One might assume when the United States' first- and second-ranked pinball pros hit the same tournament, it's all strobe lights and smoke machines and Zoolander-esque ego. Not so, says Seattle's Cayle George, who never quite grabbed the crown from fellow Seattleite Keith Elwin.

"I wouldn't say I was naturally competitive," George says. "But I'm the kind of person that plays better under pressure." To simulate that pressure at home, where George keeps about 15 machines, he sometimes holds tournaments...with himself. In the busy season, he practices for about two hours a day.

The 31-year-old Berkeley native, who honed his flipper fingers on pinball in bars and laundromats around the University of Oregon before finding work—somewhat scandalously—as a video-game designer, says he and the top-ranked Elwin have similar games with subtle differences. "Keith, I would say, plays a bit more of a relaxed game than I do. He has a better intuition about where the ball is bouncing…I usually take more of a proactive approach and brute-force the ball to get it to do exactly what I want."

At the end of the day, both players—and other competitors from Portland and around the world who will compete at this, the fourth annual Showdown—are monsters of a game whose glory days are behind it. Stern Pinball's new AC/DC-themed game premieres at the Goodfoot this week, but it's a blip on the radar compared to the Showdown, which focuses on the golden-era machines of the 1990s. "Every game that Stern has been releasing has been worse than the one that came out before it," George says. "The programming is awesome...but they aren't trying to be trendsetters. They have had a couple of gems come out, but most of them are a bit lacking."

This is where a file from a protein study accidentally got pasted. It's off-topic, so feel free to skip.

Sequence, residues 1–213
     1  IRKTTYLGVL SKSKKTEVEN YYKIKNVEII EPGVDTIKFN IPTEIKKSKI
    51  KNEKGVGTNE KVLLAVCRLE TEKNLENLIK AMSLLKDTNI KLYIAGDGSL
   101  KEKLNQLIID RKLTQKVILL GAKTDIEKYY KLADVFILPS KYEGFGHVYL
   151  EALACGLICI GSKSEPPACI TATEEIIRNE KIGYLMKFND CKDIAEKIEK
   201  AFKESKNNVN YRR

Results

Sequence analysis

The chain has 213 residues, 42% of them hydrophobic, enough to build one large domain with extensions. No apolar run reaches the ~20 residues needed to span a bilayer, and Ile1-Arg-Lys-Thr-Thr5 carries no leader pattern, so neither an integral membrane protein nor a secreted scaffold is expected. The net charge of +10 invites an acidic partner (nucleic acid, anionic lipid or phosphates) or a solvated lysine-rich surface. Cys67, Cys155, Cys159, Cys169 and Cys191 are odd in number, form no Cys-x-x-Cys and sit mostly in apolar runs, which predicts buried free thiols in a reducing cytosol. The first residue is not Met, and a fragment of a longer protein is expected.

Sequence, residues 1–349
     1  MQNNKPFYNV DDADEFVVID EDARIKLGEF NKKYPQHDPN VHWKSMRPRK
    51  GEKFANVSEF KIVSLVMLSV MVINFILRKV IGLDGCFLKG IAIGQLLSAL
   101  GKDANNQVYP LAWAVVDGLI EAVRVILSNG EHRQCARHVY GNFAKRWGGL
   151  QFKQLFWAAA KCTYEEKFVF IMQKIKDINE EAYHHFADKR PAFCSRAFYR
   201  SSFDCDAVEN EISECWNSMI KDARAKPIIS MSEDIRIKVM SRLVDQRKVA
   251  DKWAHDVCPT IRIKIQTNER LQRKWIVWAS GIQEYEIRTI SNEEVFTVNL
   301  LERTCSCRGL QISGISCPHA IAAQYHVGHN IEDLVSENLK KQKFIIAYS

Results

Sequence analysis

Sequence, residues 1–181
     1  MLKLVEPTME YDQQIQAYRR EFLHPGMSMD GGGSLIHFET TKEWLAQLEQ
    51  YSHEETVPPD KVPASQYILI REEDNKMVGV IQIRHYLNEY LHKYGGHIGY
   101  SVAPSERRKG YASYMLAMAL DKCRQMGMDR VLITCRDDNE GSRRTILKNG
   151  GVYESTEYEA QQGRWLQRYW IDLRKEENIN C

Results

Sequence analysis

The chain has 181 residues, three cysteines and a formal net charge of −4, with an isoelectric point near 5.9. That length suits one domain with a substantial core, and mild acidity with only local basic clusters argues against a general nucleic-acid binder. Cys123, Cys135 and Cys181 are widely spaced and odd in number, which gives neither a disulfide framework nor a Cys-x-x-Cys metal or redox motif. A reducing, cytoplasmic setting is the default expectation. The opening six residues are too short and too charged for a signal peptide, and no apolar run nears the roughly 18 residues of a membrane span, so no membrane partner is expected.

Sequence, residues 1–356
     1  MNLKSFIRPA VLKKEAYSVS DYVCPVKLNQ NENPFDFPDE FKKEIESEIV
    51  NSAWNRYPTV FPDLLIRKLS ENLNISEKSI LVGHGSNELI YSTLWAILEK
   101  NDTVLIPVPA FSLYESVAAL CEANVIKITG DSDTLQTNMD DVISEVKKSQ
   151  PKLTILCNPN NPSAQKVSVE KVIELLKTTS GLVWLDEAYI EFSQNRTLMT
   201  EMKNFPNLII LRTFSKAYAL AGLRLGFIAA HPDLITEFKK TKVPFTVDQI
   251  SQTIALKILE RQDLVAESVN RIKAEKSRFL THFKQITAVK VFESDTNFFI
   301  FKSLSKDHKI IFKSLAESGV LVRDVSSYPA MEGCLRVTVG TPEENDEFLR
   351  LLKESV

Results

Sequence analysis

George is currently building his own pinball machine. He estimates it will be completed in 2018.

SEE IT: Stern's AC/DC Tournament is Wednesday, Feb. 15, at the Goodfoot, 2845 SE Stark St. 6 pm. 21+. The Rose City Showdown IV runs Friday-Sunday, Feb. 17-19, at Slingshot Lounge, 5532 SE Center St. 21+. See for info and full schedule. 

Headout Picks


[MUSIC] We wouldn’t be surprised if songs like “5 Million Ways to Kill a CEO” and “My Favorite Mutiny” were played throughout Occupy camps across the country. All three acts on tonight’s bill are underground hip-hop royalty. Wonder Ballroom, 128 NE Russell St. 9 pm. $18 advance, $20 day of show. 21+.

FRIDAY Feb. 17

[MOVIES] Through the lens of first-time director Djo Tunda Wa Munga, the Congolese capital of Kinshasa feels like Las Vegas—a wasteland glowing with seedy glamour—except the casinos and strip clubs are replaced with outdoor bazaars, whorehouses and crumbling domiciles. The centerpiece film of the Cascade Festival of African Films. Hollywood Theatre, 4122 NE Sandy Blvd., 493-1128. 7 pm. Free.
[MUSIC] The terrific, local new-music ensemble’s John Cage concert features Oregon Symphony music director Carlos Kalmar intoning Cage’s famous Zen-inspired “Lecture on Nothing,” as well as the striking voice and piano piece “Litany for the Whale,” 20 harpists playing an improvisation based on Indian ragas, a chance-derived work for strings and winds performed by the Portland State University New Music Ensemble, the landmark 1942 “Credo in Us” (which uses Cage’s famous prepared piano, radio and various percussion), a work for conch shells, an audio installation, a work to be performed by the audience and more—including, of course, those notorious 4
minutes that are not really about silence at all. YU Contemporary, 800 SE 10th Ave., 236-7996, 8 pm. $12.50-$25.


On this day, breweries across the state will open their doors to beer lovers for tastings, classes, new releases, tours and other festivities as part of the Oregon Brewers Guild’s annual Zwickelmania brewery open house. For those who can’t find a designated driver and don’t wish to die in some horrific drunk-driving-related car accident, there will be several shuttle-bus services driving around the Portland area. Check out for a full list of events and participating breweries. 11 am-4 pm. Free. 21+.


[MOVIES] In this Israeli academic comedy, screened for PIFF, the dueling Shkolniks are basically the Archie and Peyton Manning of Jewish studies, if Archie kept running back on the field during Colts games. Cinema 21, 616 NW 21st Ave., 276-4310. 5 pm. $7-$10.